How SAS Merge Datasets – Joining / Combining Data Sets in SAS

In the last article, we studied Proc Sort Data Set, today we will be learning about how SAS Merge Datasets and how to merge two or more datasets in SAS. Moreover, we will discuss different variable and the ways for merging datasets in SAS Programming language and some SAS Merge Datasets examples to clear our queries.

Let’s start with SAS Merge Datasets.

SAS Merge Datasets

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1. What is SAS Merge?

i. SAS Merging combines observations from two or more SAS datasets based on the values of specified common variables (SAS merges more than 2 Datasets).
ii. SAS Merging creates a new data set (the merged dataset).
iii. It is done in a data step with the statements.

  • MERGE is used to name the input data sets.
  • BY is used to name the common variable(s) to be used for matching

Prerequisites for a match-merge in SAS Programming.

  • Input data sets must have at least one common variable to merge on.

2. Examples of SAS Merge Datasets

When we want to combine two data sets by merging in SAS and we know beforehand that each observation in the data set has a match in the other dataset we can do a very straight-forward merge. Here are a couple of examples.

SAS Merge Datasets Example:

Often different data on the same cases are stored in two or more different data sets. For example, you may have two person-level data sets on exactly the same individuals but containing different information on those individuals. To combine the data on those individuals into one data set requires a merge. Here is the way the merge would work using the simplest example:

Dataset one            Dataset two
ID   A   B                           ID   C
10   1   2                           10   0
20   3   4                           20   5
30   5   6                           30   7

This data step does a merge of data set one and two by ID:

  data three;
          merge one two;
          by id;
        run;

The output data set three looks like this:

ID    A   B   C
10    1   2   0
20    3   4   5
30    5   6   7

The data sets being merged in the example above contain different data on the same cases and the variable ID is a unique identifier (no duplicates).

Must Read: SAS Array – Basic Syntax & Operators

3. When Matching is Not Perfect

What happens when there is no match for SAS Merge Datasets?

Here is a simple example:

Dataset one         Dataset two
ID   A    B                    ID   C
10   1    2                   10   0
20   3    4                   30   1
30   5    6                   40   1

The second observation (ID=20) in data set one does not have a match on ID in data set two. A match-merge of one and two by ID like this:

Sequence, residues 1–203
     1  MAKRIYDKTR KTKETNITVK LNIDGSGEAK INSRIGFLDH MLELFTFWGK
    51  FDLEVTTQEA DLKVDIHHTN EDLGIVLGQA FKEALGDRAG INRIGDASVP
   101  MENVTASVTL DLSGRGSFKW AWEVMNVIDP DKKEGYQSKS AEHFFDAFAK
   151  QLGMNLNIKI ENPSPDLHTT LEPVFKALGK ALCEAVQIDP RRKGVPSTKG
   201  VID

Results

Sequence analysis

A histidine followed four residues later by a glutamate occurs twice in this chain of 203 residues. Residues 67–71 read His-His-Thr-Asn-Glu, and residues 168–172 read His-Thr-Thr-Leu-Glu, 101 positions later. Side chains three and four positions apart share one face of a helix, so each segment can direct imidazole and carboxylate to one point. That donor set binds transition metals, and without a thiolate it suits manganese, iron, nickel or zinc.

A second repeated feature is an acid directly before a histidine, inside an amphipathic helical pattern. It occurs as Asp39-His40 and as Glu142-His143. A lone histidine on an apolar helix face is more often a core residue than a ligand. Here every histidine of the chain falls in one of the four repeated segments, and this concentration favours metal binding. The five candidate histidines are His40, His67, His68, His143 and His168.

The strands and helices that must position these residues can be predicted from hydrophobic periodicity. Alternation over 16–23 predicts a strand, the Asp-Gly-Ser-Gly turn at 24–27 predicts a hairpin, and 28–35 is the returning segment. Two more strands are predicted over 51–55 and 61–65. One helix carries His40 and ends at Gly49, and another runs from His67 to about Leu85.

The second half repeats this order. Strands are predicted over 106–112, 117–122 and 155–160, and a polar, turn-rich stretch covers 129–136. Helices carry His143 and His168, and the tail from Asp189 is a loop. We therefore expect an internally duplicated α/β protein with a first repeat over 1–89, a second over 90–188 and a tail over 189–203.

data three;
           merge one two;
           by id;
         run;

Results in an output data set three which looks like this:

ID   A   B     C
10   1   2     0    both datasets contributed to this observation
20   3   4     .     only data set one (left-hand dataset) contributed to this observation
30   5   6     1    both datasets contributed to this observation
40   .   .       1    only data set two (right-hand dataset) contributed to this observation

Explore the Steps of SAS Program Structure

4. IN= Variables

What if you want to keep in the output data set of a merge only the matches? (only those observations to which both input datasets contribute). SAS will set up for you special temporary variables, called the “IN=” variables so that you can do this and more.

Here’s what you have to do:

  • Signal to SAS on the MERGE statement that you need the IN= variables for the input data set(s).
  • Use the IN= variables in the data step appropriately.

So, to keep only the matches in the match-merge above, ask for the IN= variables and use them:

data  three;
           merge one(in=x) two(in=y);       /* x & y are your choices of names */
           by id;                           /* for the IN= variables for data  */
           if x=1 and y=1;                  /* sets one and two respectively   */
         run;

SAS Dataset three will now consist of only the matches on ID:

ID   A   B     C
10   1   2     0
30   5   6     1

Must Learn – Different types of SAS Functions

Only the matches are kept in the output data set above because of the way the IN= variables X and Y take on values in the PDV:

  • 1 if the data set contributes to the observation
  • 0 if the data set does not contribute to the observation

For the above example, you can picture the IN= variables X and Y taking on values like this:

ID   A   B   C   X    Y
10   1   2   0   1    1
20   3   4   .   1    0
30   5   6   1   1    1

If you want to keep not only the matches but also to keep track of separate data sets of the non-matches, you can let the data step create three data sets like this:

    data x1y1          /* x1y1, x1y0, x0y1 are your choices of data set names */
          x1y0
          x0y1;
      merge one(in= x) two(in= y);
       by id;
       if x = 1 and y = 1 then output x1y1; /* write all matches to x1y1 */
       if x = 1 and y = 0 then output x1y0;
       if x = 0 and y = 1 then output x0y1;
     run;

This was all about the SAS Merge Datasets Tutorial. Hope you like our explanation.

5. Summary

Hence, this section was all about learning what is SAS merge Datasets, how to merge two or more datasets in SAS and what happens when there is no match in Data Sets.

Hope you understood the topic nicely. If you have any query, please ask in a comments section below.

After learning these concepts, it’s the right time to test your SAS knowledge through SAS Programming Quiz.

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